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Monetary Policy and the Political Support for a Labor Market Reform

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  • ÿlvaro Aguiar

    (CEMPRE-Faculdade de Economia do Porto)

  • Ana Paula Ribeiro

    (CEMPRE-Faculdade de Economia do Porto)

Abstract

Lagged benefits relative to costs can politically block an efficiency-enhancing labor market reform, lending support to the "two-handed approach". An accommodating monetary policy, conducted alongside the reform, could help bringing the positive effects of the reform to the fore. In order to identify the mechanisms through which monetary policy may affect the political sustainability of a reform, we add stylized features of the labor market to a standard New-Keynesian model for monetary policy analysis. A labor market reform is modeled as a structural change inducing a permanent shift in the flexible-price unemployment and output levels. In addition to the permanent gains, the impact of the timing and magnitude of the reform-induced adjustments on the welfare of workers - employed and unemployed - is crucial to the political feasibility of the reform. Since the adjustments depend, on one hand, on the macroeconomic structure and, on the other hand, can be influenced by monetary policy, we simulate various degrees of output persistence across different policy rules. We find that, if inertia is present, monetary policy affects the political support for the reform. Choosing a particular policy rule, as well as the business cycle timing of the reform, are means to enhance political sustainability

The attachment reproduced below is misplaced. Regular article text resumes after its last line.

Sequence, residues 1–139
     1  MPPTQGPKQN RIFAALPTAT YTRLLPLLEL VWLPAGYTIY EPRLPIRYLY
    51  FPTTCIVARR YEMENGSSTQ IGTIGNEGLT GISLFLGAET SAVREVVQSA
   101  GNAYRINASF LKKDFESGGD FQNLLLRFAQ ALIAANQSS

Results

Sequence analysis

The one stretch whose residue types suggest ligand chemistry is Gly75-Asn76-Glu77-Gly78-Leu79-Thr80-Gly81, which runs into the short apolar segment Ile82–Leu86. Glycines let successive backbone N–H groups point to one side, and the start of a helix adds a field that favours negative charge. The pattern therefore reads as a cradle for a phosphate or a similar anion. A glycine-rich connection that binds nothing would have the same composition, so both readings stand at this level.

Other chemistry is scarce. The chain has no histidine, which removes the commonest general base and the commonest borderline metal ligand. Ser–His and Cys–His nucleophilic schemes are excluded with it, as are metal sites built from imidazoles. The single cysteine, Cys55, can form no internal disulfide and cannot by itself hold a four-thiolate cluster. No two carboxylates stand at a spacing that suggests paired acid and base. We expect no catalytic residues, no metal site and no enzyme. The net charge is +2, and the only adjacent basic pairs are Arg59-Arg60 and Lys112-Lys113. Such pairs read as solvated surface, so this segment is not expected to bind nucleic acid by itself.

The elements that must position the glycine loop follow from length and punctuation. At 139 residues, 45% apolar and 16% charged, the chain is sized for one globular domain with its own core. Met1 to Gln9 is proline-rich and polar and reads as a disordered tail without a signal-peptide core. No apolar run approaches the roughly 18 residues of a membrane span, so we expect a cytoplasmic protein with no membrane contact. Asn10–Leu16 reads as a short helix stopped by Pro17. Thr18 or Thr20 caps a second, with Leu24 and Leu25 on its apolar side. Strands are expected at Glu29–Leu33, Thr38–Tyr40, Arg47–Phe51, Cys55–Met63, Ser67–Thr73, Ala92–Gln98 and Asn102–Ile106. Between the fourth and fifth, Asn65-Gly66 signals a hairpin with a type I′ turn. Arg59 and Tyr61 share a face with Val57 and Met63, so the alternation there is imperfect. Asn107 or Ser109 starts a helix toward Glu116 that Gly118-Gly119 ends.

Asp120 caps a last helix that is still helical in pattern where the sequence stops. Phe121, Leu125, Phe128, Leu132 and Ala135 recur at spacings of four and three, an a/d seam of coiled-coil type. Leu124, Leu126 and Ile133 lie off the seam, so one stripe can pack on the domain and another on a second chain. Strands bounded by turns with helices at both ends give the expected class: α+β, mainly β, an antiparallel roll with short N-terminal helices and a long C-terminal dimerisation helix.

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Paper provided by Money Macro and Finance Research Group in its series Money Macro and Finance (MMF) Research Group Conference 2006 with number 112.

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Date of creation: 02 Feb 2007
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Handle: RePEc:mmf:mmfc06:112

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  1. Fernandez, Raquel & Rodrik, Dani, 1991. "Resistance to Reform: Status Quo Bias in the Presence of Individual-Specific Uncertainty," American Economic Review, American Economic Association, vol. 81(5), pages 1146-55, December.
  2. Taylor, John B., 1999. "Staggered price and wage setting in macroeconomics," Handbook of Macroeconomics, in: J. B. Taylor & M. Woodford (ed.), Handbook of Macroeconomics, edition 1, volume 1, chapter 15, pages 1009-1050 Elsevier.
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